We often highlight that by the time a news story hits the front page, the worst is over for its impact on capital markets. Wednesday proved no exception, the main story on the front page of the FT was the recent fall in the Dubai stock market we referred to yesterday, and true to form on Wednesday the Dubai general index rose 6%.
Elsewhere, the FTSE 100 continued its drift lower, as newspapers report that MP’s believe that Mark Carney is behaving like an “unreliable boyfriend” as he appears to keep changing his mind on interest rate policy.
It does feel a little like the pot calling the kettle black, as MP’s have a track record of changing their story to meet the mood at the time. It can’t do either side any good for there to be a public spat between the Governor of the Bank of England and members of Parliament. Mark Carney did have the benefit, unlike most Chief Exec’s as they move into the top job, to take over just as the global economy started to pick up. Having said that the policy measures that he has introduced does seem to have benefited the UK economy. Any sense that there is an uneasy relationship between the Bank of England and Parliament that could threaten Mark Carney’s position would undermine investor confidence.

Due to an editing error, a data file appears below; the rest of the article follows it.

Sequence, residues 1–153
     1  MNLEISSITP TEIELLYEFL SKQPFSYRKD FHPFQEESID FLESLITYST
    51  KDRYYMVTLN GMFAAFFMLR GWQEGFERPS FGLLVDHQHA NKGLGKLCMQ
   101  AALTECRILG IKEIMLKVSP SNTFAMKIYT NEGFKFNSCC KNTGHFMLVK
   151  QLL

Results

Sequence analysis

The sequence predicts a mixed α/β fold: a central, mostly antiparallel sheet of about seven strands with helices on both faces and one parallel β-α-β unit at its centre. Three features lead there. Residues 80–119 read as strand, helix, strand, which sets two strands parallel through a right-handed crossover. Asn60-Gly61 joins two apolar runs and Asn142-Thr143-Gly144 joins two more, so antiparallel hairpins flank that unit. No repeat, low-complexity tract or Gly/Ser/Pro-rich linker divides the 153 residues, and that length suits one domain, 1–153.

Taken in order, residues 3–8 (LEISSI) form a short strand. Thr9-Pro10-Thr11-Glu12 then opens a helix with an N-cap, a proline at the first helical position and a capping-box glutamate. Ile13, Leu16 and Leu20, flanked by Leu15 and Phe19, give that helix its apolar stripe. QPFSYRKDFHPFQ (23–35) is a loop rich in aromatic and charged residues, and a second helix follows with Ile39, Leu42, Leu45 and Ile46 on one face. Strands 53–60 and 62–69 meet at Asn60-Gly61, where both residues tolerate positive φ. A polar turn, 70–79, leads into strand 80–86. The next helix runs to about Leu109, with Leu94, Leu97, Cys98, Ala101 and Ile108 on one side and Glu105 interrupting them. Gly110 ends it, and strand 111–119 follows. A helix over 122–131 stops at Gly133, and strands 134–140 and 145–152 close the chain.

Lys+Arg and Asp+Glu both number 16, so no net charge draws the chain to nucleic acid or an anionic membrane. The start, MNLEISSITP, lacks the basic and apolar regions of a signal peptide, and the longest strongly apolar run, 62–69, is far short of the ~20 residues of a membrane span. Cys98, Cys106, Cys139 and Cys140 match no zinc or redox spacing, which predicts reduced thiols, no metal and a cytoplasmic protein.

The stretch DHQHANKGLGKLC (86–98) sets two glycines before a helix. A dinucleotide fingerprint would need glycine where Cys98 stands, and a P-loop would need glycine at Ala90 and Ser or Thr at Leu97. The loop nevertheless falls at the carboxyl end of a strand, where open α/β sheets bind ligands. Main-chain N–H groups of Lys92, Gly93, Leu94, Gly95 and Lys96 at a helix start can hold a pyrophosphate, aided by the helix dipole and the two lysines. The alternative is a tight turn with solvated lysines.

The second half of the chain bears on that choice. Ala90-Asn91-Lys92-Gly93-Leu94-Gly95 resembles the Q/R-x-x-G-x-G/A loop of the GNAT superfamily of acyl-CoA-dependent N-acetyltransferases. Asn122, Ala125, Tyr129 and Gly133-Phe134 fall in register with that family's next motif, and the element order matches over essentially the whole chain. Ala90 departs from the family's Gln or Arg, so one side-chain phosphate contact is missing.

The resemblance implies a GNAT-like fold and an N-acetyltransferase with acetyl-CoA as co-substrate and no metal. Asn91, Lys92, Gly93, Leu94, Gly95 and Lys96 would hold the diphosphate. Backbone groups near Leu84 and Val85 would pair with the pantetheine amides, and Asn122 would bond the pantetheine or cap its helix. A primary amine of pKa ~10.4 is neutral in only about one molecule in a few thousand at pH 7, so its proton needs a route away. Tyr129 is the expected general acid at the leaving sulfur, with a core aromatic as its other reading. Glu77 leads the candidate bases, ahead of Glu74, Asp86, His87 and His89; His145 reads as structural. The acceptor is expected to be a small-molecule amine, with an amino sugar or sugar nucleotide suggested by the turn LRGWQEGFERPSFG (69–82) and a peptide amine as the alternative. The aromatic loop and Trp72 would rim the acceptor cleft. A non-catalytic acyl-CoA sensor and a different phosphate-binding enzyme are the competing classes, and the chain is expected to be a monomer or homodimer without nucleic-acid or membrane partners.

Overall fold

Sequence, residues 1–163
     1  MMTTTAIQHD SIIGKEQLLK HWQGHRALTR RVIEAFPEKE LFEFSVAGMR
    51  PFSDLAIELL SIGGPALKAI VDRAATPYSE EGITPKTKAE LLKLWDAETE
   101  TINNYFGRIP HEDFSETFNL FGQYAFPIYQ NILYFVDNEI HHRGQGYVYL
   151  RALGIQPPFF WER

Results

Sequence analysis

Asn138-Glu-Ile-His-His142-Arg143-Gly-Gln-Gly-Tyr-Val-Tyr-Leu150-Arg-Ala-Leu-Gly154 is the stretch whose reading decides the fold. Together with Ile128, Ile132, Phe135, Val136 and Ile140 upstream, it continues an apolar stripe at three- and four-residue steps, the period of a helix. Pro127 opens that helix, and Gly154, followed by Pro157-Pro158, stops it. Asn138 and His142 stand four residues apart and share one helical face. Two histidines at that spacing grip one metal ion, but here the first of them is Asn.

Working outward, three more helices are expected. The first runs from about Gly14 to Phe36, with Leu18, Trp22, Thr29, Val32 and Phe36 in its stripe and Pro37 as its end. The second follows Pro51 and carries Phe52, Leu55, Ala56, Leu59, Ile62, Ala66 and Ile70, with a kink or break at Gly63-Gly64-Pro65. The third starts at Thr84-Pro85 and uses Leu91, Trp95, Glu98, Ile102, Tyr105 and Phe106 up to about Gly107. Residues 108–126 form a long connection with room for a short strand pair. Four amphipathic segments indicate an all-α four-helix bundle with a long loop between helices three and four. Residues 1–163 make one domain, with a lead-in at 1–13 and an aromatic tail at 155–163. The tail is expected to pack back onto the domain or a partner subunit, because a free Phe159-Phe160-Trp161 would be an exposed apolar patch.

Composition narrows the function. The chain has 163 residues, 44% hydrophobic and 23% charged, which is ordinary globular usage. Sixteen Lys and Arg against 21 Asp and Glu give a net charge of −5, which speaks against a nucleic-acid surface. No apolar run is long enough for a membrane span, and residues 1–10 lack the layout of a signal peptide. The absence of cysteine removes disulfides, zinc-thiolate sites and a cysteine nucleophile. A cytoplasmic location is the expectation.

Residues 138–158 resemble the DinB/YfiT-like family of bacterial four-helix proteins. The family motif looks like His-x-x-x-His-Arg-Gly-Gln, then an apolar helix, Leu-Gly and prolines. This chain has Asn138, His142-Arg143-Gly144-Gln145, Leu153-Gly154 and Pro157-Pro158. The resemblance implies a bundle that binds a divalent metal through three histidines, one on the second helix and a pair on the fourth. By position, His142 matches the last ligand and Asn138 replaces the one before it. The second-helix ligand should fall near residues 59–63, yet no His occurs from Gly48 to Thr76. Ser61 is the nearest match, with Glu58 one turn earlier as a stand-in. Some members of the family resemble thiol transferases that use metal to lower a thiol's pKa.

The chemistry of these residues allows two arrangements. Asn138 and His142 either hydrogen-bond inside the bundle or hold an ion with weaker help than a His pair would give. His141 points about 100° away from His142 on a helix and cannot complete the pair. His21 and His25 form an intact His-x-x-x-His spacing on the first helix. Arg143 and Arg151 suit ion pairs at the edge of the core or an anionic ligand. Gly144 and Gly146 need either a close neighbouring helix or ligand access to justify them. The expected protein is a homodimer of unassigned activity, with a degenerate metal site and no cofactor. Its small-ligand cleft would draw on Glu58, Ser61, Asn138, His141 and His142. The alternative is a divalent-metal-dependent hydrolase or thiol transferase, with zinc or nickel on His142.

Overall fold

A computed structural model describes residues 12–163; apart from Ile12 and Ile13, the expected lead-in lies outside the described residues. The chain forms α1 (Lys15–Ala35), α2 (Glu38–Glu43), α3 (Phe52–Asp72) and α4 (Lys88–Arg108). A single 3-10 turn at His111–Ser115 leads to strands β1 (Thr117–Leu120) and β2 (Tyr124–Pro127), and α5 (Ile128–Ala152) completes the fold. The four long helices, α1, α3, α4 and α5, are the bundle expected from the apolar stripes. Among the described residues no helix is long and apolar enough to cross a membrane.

The FTSE 100, as we also often point out, has traded in a tight range for over a year now. We are not chart followers for anything more than curiosity, but those who do follow charts; the one below may be of interest. The first support level traders will look for is the 200-day moving average and as one can see we are pretty close to that. Should that level be breached, the next target will be 6600, which is the bottom end of the year-long trading range.
One footnote to the failed attempt by Pfizer to buy AstraZeneca, according to Merrill Lynch, Non-financial US corporations have over $1.3tn of cash at their disposal held outside of the US. This represents nearly 9% of the S&P 500 Non-Financials market capitalisation. This Money is hard to repatriate due to international corporate tax rates. This would suggest that US corporates thirst for overseas acquisitions, as they look to gain a return on this capital, could continue for some time.